Up until the mid-1990s, the illness now known as bipolar disorder was called manic depression. Many people with this illness still prefer to use the name manic depression because some believe that the old name more accurately describes the symptoms they experience.
What is Bipolar Disorder?
Bipolar disorder is a severe mental illness that is characterised by extreme changes in mood, from deep depression to a form of euphoria called mania. Some people switch very rapidly between depression and mania, whilst other people will experience longer episodes of either depression or mania before switching to another type of episode. Additionally, some people experience mixed episodes, which means that they are both manic and depressed at the same time. As well as mania and depression, there is also a mood state called hypomania which is a milder form of mania.
As many as 1 in 100 people will experience the symptoms of bipolar disorder. Men and women are equally affected, although women tend to experience more depressive episodes than men and men experience more manic episodes than women. The illness usually begins in late adolescence or early adulthood, but there is an increased risk of developing the disorder in mid to late life.
Some people with bipolar disorder experience psychosis during severe episodes of mania and depression. Psychotic symptoms include hallucinations and delusions.
Different Types of Bipolar Disorder
There are three main types of bipolar disorder: bipolar I disorder, bipolar II disorder and rapid cycling bipolar disorder.
Bipolar I disorder is the classic and most severe form of the illness. Someone with bipolar I disorder will experience manic, depressive and mixed episodes of illness.
Bipolar II disorder is a less severe form of the illness. The difference between this and bipolar I disorder is that in bipolar II disorder, the person doesn’t experience manic episodes, but instead has episodes of hypomania that alternate with depressive episodes.
Rapid cycling bipolar disorder affects 10-20% of people with the illness. To receive a diagnosis of rapid cycling bipolar disorder, a person must experience four or more hypomanic, manic, depressive or mixed episodes in a 12 month period, although people with this type may experience monthly, weekly or even daily shifts in mood. More women than men experience this type of bipolar disorder.
Signs and Symptoms of Bipolar Disorder
Symptoms during the manic phase of illness can include:
- Increased activity, energy and a feeling of restlessness;
- Feeling in an extremely good, high mood;
- Extreme irritability;
- Unrealistic beliefs in abilities and powers – such as thinking you’re superhuman and can achieve more than mere mortals;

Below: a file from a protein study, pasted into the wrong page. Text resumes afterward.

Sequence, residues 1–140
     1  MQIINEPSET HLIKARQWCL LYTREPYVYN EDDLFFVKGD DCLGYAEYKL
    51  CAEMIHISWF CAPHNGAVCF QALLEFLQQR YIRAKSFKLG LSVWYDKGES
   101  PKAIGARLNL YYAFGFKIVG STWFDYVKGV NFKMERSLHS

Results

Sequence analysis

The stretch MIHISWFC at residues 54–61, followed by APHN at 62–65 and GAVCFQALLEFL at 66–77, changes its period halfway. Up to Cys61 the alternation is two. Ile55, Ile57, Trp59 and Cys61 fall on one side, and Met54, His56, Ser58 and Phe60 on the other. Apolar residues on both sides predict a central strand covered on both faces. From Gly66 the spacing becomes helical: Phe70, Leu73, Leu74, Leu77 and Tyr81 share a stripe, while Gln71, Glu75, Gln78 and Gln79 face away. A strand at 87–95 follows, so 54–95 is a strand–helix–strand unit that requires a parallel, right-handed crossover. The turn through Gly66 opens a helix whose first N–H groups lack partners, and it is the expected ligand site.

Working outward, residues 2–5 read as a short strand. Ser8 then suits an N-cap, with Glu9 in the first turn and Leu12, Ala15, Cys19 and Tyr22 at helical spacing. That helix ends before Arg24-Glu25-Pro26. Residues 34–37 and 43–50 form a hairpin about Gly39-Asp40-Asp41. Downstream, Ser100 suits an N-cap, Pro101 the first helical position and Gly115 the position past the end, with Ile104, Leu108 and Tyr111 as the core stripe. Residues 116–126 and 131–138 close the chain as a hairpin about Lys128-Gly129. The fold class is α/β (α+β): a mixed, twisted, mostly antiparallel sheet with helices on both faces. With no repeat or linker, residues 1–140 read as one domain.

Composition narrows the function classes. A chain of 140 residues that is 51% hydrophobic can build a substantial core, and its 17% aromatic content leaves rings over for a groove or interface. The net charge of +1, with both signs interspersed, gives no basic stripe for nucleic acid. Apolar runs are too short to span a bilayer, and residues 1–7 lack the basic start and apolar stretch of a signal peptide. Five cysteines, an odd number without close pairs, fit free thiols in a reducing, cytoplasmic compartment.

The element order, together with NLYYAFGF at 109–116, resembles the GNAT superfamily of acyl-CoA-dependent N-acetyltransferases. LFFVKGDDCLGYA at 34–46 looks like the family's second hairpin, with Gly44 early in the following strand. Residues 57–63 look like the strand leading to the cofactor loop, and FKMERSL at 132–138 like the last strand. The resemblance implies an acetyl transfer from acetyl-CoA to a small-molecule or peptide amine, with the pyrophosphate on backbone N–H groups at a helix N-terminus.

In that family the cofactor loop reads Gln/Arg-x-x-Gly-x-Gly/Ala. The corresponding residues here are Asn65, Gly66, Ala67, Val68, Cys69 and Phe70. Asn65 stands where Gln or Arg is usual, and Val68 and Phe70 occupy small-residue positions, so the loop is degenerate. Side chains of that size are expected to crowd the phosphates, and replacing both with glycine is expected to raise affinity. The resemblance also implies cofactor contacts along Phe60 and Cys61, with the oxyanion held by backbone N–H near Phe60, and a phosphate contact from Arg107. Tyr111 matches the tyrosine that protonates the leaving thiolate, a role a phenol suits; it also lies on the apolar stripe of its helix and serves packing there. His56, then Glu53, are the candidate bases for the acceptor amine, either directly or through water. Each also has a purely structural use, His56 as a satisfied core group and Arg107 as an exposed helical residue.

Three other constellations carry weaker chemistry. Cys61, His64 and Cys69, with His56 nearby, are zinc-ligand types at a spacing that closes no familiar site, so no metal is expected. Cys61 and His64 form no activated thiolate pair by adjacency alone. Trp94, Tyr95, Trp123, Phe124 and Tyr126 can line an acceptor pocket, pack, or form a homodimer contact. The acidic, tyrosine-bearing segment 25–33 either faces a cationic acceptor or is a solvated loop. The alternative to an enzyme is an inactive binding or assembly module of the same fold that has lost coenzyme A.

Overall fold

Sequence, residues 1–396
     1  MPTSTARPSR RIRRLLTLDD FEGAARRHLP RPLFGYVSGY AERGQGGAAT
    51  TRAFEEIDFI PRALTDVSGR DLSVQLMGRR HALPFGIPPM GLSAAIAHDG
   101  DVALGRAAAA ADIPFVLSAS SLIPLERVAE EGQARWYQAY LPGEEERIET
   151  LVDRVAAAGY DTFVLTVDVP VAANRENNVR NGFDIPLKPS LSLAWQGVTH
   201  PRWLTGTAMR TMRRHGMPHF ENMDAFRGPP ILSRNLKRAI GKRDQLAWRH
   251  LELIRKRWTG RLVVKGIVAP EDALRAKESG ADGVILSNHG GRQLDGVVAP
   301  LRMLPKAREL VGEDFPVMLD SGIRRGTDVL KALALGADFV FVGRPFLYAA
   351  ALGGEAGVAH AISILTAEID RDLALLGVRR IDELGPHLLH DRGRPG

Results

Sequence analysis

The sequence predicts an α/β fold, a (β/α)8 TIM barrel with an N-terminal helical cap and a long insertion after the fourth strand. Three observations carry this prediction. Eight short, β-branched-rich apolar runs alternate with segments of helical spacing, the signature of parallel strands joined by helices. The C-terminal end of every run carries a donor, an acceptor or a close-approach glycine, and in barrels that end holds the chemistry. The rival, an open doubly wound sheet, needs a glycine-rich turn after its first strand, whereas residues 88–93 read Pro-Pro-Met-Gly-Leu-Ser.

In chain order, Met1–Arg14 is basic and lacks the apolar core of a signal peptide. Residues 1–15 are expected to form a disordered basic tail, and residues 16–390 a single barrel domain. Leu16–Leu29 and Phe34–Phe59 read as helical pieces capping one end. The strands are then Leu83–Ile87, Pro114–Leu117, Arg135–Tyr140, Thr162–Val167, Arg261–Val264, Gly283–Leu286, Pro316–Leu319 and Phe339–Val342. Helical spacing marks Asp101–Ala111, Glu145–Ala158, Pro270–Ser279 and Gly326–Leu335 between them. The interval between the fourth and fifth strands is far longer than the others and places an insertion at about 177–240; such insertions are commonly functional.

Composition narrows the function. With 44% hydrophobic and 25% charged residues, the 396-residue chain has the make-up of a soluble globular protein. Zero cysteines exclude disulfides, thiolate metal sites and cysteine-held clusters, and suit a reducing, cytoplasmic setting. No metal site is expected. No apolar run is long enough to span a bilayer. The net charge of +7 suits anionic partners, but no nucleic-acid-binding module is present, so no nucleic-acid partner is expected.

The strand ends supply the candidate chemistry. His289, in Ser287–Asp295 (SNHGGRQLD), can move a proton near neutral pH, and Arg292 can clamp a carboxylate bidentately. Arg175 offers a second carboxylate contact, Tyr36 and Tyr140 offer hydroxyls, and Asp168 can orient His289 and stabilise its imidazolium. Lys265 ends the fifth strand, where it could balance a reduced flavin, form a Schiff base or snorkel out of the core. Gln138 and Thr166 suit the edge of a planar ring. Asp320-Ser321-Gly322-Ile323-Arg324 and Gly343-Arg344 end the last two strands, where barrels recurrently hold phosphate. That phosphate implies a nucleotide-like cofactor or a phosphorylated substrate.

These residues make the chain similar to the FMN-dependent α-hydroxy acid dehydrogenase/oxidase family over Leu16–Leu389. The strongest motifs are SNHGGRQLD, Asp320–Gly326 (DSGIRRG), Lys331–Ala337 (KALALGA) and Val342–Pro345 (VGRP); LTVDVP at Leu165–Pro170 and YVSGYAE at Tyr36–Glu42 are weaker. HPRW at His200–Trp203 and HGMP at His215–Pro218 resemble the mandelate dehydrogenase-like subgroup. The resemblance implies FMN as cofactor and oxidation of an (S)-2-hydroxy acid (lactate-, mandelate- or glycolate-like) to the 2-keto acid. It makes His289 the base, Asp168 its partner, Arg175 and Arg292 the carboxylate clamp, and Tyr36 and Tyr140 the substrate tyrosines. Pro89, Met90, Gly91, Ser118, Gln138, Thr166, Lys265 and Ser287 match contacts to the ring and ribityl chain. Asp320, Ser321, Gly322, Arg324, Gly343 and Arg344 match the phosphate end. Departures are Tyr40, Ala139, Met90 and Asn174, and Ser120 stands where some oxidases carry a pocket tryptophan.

- Feeling very easily distracted; having poor concentration;
- Needing little sleep;
- Talking very fast;
- Having racing thoughts;
- Jumping from one idea to another very quickly;
- Going on spending sprees;
- Behaving provocatively or aggressively;
- Being reckless;
- Having an increased sexual drive;
- Having poor judgment; and
- Denying that anything is wrong.
Often during an episode of mania, the person may not be aware of the dramatic changes in their behaviour. When the episode is over, they can be shocked, upset and embarrassed by the things that they have done and said.
Symptoms during the depressive phase of illness can include:
- A long lasting depressed or anxious mood;
- Feeling hopeless;
- Feeling guilty, helpless or worthless;
- Losing interest in activities that usually brought feelings of pleasure or enjoyment;
- Decreased energy or feeling slowed down;
- Having difficulty concentrating;
- Having difficulty remembering things;
- Having difficulty making decisions;
- Feeling restless or irritable;
- Having difficulty sleeping or sleeping too much;
- Losing your appetite or eating too much (comfort eating);
- Thinking about death or suicide; and
- Making suicide attempts.
For most people with bipolar disorder, depression is the most commonly experienced symptom, interspersed with episodes of mania or hypomania.
An Overview of Bipolar Disorder
Bipolar disorder can be a severe and debilitating illness. Many people with the illness struggle with it for the duration of their lives, whilst others make recoveries between episodes and are able to lead normal lives. Thankfully, medication means that most people experience some improvement in the severity of their symptoms.
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